I went with a less provocative title this time because my last blog post (http://brianoneill.blogspot.com/2014/04/big-data-fixes-obamacare.html) evidently incited political flame wars. In this post, I hope to avoid that by detailing exactly how Big Data can help our healthcare system in a nonpartisan way.
First, let’s decompose the problem a bit.
Our healthcare system is still (mostly) based on capitalism: more patients + more visits = more money. Within such a system, it is not in the best interest of healthcare providers to have healthy patients. Admittedly, this is a pessimistic view, and doctors and providers are not always prioritizing financial gain. Minimally however, at a macro-scale there exists a conflict of interest for some segment of the market, because not all healthcare providers profit entirely from preventative care.
Right now, with a few exceptions, everyone pays the same for healthcare. Things are changing, but broadly speaking, there are no financial incentives to make healthy choices. We are responsible only for a fraction of the medical expenses we incur. That means everyone covered by my payer (the entity behind the curtain that actually foots the bills) is helping pay for the medical expenses I may rack up as a result of my Friday night pizza and beer binges.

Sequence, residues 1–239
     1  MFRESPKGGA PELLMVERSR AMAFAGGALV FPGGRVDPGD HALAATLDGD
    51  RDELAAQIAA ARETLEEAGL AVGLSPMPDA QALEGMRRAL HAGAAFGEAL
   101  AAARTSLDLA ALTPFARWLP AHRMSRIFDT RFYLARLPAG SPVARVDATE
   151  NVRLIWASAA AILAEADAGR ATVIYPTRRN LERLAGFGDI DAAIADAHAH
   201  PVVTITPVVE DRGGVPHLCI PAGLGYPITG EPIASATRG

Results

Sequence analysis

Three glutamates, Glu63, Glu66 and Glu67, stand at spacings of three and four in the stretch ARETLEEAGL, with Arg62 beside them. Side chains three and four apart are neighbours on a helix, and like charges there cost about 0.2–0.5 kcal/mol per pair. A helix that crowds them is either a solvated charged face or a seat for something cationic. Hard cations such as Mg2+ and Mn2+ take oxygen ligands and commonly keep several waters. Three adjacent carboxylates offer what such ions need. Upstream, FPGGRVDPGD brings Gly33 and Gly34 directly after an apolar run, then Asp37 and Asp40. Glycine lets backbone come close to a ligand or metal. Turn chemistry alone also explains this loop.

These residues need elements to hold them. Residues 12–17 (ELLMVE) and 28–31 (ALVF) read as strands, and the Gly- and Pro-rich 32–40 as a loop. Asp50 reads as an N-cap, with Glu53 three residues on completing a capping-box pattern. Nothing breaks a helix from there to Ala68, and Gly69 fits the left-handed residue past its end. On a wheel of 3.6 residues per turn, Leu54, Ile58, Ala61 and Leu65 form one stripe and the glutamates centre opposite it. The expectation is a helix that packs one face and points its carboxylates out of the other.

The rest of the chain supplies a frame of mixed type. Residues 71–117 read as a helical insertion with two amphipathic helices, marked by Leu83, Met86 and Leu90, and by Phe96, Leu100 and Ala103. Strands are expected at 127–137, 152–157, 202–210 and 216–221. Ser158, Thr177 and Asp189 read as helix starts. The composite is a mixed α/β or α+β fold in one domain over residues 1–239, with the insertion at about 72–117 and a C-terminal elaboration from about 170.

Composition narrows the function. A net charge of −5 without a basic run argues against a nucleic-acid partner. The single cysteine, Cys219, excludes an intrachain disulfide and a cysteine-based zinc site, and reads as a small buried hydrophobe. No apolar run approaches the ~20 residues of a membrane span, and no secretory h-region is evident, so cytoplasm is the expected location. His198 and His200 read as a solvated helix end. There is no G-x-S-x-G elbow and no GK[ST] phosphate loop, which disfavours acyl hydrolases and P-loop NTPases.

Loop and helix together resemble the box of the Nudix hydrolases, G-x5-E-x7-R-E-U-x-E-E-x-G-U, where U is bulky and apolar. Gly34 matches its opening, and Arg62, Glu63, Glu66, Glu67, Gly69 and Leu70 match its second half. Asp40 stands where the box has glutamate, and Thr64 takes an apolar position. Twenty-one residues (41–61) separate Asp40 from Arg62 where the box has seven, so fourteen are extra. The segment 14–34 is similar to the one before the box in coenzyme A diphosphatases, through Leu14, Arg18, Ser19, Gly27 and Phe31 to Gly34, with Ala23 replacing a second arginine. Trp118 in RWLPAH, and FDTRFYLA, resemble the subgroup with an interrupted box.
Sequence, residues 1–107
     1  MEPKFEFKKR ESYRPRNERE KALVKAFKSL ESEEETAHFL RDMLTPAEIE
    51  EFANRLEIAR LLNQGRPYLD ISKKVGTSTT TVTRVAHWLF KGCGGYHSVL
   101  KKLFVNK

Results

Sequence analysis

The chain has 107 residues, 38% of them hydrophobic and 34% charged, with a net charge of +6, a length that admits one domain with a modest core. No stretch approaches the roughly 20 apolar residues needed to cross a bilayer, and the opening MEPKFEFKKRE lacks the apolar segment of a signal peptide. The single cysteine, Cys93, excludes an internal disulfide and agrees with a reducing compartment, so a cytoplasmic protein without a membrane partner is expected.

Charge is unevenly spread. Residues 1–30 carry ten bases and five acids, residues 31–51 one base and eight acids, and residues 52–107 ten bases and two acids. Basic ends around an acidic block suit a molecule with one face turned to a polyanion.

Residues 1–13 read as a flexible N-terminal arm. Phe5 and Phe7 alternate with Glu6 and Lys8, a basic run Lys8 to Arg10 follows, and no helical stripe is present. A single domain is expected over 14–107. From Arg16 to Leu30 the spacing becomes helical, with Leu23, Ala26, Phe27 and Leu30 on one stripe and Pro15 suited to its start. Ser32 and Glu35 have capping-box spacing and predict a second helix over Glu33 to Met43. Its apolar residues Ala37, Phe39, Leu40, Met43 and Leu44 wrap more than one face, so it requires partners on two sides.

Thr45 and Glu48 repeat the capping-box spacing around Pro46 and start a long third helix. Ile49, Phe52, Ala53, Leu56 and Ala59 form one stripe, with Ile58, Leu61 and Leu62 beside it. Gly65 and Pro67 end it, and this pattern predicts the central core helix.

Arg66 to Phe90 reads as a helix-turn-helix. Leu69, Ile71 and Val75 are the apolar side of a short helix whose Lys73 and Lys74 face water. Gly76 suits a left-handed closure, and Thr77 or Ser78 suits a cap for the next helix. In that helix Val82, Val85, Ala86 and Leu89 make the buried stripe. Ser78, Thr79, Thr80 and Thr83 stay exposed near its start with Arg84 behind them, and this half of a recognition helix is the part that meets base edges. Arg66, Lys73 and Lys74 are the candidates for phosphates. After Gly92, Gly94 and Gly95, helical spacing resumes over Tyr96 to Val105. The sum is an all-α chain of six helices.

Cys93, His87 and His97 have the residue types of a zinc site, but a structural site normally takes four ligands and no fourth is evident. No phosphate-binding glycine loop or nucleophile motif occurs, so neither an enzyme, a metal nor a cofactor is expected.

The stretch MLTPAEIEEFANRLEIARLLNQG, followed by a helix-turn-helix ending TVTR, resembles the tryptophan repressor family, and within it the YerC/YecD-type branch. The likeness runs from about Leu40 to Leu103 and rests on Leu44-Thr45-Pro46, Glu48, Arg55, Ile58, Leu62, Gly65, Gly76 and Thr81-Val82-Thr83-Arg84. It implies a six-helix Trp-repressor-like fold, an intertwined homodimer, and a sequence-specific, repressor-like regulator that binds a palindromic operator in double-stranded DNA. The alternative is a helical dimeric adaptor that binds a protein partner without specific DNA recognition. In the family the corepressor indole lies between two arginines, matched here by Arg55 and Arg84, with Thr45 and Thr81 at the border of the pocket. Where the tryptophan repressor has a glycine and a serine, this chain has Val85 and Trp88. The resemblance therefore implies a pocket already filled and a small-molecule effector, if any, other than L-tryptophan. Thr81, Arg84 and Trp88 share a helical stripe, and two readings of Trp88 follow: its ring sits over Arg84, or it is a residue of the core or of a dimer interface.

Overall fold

Finally, the government is trying. They are trying really hard. Through transparency, reporting, and compliance, they have the correct intentions and ideas to bend the cost curve of healthcare. But the government is the government, and large enterprises are large enterprises. And honestly, getting visibility into the disparate systems of any large single large enterprise is difficult (ask any CIO). Imagine trying to gain visibility into thousands enterprises, all at once. It’s daunting: schematic disparities, messy data, ETL galore.
Again, this is a pessimistic view and there are remedies in the works. Things like high deductible plans are making people more aware of their expenses. Payers are trying to transition away from fee-for-service models. (http://en.m.wikipedia.org/wiki/Fee-for-service). But what do these remedies need to be effective? You guessed it. Data. Mounds of it.
If you are a payer and want to reward the doctors that are keeping their patients healthy (and out of the doctors offices!), how would you find them? If you are a patient, and want to know who provides the most effective treatments at the cheapest prices, where would you look? If you are the government and want to know how much pharmaceutical companies are spending on doctors, or which pharmacies are allowing fraudulent prescriptions, what systems would you need to integrate?
Hopefully now, you are motivated. This is a big data problem. What’s worse is that it is a messy data problem. At HMS, its taken us more than three years and significant blood, sweat and tears to put together a platform that deals with the big and messy mound o’ data. The technologies had to mature, along with people and processes. And finally, on sunny days, I can see a light at the end of the tunnel for US healthcare.
If you are on the same mission, please don’t hesitate to reach out.
Ironically, I’m posting this from a hospital bed as I recover from the bite of a brown recluse spider.
I guess there are certain things that big data can’t prevent!